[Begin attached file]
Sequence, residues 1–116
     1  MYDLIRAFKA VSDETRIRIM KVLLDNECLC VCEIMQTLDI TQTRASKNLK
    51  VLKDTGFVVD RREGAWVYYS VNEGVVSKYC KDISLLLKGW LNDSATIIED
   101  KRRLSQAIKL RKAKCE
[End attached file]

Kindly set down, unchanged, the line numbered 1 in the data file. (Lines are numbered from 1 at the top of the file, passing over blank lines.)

Sequence, residues 1–116